Usually, the largest mechanical thing around your house is the overhead garage door - the one you're driving your car through, sometimes without even opening it - I know that you do :-).
The major, and the most dangerous component of the overhead door is the garage door spring - (or springs depending on the design), which supports the entire weight of the door panels (sometimes over 400 pounds) and helps you to lift / lower the entire door assembly. I have personally installed 3 overhead garage doors with 2 different types of springs, and you do have to trust me on that - garage door springs are under enormous pressure and you can get seriously injured or even killed when performing such work. If you decide to take your chances - it is imperative that you follow instructions to the last detail! Even if you have a friend or a professional doing it for you, read it and check everything after the installer finishes the job. The garage overhead doors have no safety brakes (at least I haven't heard about any), that would prevent it from falling down when the supporting spring fails. I've found some US patents for such devices, but apparently none of them were ever implemented into an actual garage door.
According to the US Consumer Product Safety Commission, garage overhead door related accidents account for thousands of injuries every year (average of 30000 per year). For example, these injuries are: fractures, crushings and amputations. It is believed that not all injuries are reported in the United States . (CPSC)
There are basically two types of the garage door spring systems utilizing tracks / side rails (at least these are the most common types in Illinois and probably the rest of US):
1. garage door torsion spring(s) which are wound-up on a rod above the garage door opening top section ( door header)
2. garage door extension springs that are attached on either side of the door and stretch along the horizontal part of the track when the door is closed
You might also have an old, one piece door that swings outward as it goes up and overhead. This particular design will have springs mounted on the sides of the door opening - at about your waist height, secured to a lever bracket system that extends the springs toward the ceiling at the door closing. It is an old and extremely dangerous system, not manufactured anymore. If you have such a system in the garage, I'd highly recommend replacing it.
Garage door torsion springs - there are either single or double spring designs. The spring will usually break while under the maximum stress which is when the overhead garage door closes / travels down, or it is already completely closed (USUALLY). If you're closing it manually and it happens during this operation, don't try to prevent it from crushing down, let it go ... well, unless your foot is where the door will slam!
When one of the two garage door springs breaks you need to have them both replaced at the same time! It will cost some extra money, but having an old and new spring installed will:
- put much more stress on the new one
- the door will loose proper balance
- the remaining old garage door spring will most likely break soon
Torsion springs for residential overhead garage doors have anywhere between 5000 - 30000 cycles life span. Those digits represent an average total number of times you should be able to open and close your door before anticipating garage door spring replacement.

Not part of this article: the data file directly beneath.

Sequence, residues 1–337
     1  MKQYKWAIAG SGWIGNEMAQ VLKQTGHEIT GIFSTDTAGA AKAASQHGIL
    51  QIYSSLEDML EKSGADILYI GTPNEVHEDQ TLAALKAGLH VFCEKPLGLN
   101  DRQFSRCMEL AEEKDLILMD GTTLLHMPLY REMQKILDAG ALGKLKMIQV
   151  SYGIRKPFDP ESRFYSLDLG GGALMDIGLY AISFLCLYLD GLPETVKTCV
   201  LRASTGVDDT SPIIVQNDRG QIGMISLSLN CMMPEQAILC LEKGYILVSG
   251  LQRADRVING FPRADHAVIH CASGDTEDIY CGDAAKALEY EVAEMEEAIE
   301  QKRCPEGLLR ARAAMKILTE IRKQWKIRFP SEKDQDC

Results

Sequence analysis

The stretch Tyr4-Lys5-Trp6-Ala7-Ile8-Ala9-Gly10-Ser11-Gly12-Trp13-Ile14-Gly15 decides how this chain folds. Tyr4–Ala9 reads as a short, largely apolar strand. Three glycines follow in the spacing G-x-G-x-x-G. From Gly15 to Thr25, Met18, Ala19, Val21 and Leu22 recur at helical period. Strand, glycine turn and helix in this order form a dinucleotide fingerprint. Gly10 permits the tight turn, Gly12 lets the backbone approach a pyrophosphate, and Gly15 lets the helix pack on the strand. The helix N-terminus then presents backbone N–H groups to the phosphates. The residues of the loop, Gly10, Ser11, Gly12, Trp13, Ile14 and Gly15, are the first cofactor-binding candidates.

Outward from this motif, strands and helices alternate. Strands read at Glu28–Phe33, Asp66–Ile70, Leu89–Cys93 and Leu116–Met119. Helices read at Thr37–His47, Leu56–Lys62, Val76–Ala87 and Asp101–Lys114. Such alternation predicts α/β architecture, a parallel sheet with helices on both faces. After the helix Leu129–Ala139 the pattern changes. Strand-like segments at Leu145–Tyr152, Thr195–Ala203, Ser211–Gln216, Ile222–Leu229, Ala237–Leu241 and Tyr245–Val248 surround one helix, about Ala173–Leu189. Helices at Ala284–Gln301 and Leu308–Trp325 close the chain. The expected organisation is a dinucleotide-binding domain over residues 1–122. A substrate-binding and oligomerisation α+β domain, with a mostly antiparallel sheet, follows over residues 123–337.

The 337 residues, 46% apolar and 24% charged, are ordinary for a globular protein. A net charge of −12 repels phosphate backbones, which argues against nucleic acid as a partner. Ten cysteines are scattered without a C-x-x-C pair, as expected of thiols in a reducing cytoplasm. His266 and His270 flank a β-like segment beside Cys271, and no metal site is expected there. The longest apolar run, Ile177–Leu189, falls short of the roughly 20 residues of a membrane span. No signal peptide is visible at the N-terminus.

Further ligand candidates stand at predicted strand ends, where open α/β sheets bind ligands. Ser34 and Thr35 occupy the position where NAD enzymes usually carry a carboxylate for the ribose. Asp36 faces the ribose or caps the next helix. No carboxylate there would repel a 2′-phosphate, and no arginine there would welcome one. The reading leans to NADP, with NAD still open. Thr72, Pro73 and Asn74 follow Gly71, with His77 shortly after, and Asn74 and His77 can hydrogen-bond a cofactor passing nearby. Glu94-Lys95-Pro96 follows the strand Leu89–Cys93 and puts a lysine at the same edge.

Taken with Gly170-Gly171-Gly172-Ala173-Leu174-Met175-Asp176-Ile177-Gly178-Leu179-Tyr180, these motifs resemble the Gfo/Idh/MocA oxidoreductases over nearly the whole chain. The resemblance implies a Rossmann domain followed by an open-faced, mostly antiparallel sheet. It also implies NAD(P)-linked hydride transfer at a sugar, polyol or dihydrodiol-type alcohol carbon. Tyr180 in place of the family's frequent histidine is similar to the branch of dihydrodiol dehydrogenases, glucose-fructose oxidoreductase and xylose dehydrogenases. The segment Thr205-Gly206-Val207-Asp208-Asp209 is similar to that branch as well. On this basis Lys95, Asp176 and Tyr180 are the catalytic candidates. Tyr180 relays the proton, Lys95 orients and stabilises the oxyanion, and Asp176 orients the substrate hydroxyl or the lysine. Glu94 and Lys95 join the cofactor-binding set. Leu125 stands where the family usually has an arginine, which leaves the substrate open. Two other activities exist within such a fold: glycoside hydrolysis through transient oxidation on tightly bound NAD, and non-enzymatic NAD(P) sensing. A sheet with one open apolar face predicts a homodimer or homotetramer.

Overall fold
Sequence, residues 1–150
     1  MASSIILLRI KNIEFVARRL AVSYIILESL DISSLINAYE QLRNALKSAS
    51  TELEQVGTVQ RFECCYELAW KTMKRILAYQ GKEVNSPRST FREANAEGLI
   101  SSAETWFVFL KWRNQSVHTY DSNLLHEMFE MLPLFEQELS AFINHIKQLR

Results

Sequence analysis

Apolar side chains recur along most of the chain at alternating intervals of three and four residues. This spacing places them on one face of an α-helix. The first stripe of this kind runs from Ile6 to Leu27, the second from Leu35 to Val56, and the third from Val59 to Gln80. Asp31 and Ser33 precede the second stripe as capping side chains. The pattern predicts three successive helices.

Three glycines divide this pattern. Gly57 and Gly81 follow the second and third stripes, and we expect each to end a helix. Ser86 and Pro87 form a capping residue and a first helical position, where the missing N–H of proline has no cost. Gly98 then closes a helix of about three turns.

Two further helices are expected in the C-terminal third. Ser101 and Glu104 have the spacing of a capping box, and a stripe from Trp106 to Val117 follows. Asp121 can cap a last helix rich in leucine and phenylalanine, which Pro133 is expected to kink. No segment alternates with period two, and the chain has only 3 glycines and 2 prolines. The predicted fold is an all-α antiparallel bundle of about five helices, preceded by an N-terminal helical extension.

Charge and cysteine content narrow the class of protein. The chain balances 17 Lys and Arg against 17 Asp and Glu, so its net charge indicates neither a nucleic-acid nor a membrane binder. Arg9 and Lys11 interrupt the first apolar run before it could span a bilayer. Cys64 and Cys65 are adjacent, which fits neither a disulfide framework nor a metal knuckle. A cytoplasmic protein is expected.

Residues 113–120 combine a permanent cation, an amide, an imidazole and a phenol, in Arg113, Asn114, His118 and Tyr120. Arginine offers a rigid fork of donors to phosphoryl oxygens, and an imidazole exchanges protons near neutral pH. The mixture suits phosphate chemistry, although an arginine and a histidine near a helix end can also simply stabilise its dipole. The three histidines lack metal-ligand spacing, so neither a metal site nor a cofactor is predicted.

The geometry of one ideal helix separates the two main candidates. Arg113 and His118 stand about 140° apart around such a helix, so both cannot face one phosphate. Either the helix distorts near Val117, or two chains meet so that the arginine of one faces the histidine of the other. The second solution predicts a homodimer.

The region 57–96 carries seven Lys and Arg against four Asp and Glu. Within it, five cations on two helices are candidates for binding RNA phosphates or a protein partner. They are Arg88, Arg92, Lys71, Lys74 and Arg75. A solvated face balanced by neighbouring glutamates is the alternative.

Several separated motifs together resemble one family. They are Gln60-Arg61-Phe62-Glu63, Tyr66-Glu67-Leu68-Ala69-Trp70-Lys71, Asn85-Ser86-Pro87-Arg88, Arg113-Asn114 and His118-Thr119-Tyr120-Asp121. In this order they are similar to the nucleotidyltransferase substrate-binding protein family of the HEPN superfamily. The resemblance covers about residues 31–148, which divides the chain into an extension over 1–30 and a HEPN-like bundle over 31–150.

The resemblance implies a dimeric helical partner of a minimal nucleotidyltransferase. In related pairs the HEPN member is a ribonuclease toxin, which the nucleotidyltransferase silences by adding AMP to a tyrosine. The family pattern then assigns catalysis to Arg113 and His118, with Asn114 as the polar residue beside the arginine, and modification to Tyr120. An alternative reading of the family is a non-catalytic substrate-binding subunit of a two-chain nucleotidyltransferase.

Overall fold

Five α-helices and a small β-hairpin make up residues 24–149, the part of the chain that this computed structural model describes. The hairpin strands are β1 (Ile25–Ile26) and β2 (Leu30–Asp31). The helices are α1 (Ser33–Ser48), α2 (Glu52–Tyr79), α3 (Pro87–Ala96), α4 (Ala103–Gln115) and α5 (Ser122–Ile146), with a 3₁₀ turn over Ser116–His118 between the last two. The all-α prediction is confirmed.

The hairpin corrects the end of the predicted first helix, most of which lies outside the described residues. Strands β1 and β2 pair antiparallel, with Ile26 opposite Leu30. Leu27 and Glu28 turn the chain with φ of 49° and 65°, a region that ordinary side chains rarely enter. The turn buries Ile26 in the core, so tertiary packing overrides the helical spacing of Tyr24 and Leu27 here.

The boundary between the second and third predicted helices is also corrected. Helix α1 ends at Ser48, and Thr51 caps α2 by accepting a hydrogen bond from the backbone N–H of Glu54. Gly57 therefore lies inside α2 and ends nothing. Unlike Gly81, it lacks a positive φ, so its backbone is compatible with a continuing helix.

Garage door extension springs - you might have either one or two on each side of your overhead garage door A critical issue with those springs is to have a safety cable installed inside of each single spring and secured properly, so when the door opens and closes, the spring can freely slide on this cable! When the garage door spring snaps without the cable inside, broken ends might severely injure anyone standing within their range. The cables should be always included with the overhead garage doors hardware (assuming that they came equipped with extension springs), but A LOT OF PEOPLE either forget to install them, or don't read instructions and maybe assume that they are not required. Unlike the torsion spring, which doesn't really show any visual wear until it breaks, extension spring wear is much easier to spot, because they simply change dimensions: the coils are over-stretched (best visible when the garage door is open). If you notice such a behavior on your garage door springs - it's time for a replacement.
And for both types of the garage door springs - their tension should be evenly adjusted (on a two spring system) so the overhead door travels properly in its tracks - to test it, stop the door slightly above the garage floor (1" or two) and make sure that its bottom / top edge are perfectly horizontal. Measuring the gap along the bottom might not be the best way to confirm that, because the garage floors are often out of level. Placing a level somewhere in the center section of the garage door top edge would give you the best readout (remember that the door should not be closed completely!). When the springs are properly adjusted, you should be able to raise and stop the garage door at any height, and it should stay at this level without any assistance ( garage door opener arm disconnected).
Important things to remember:
1. Check the rollers / hinges, cables, and the overhead garage door springs often to ensure they are in good working condition
2. Educate your children about garage door safety
3. Never leave children and disabled persons unattended near or in a garage door path
4. Keep your body clear of the door path when closing
5. Don't leave a personal property underneath an open garage door
6. Read more about the garage door opener and other garage components
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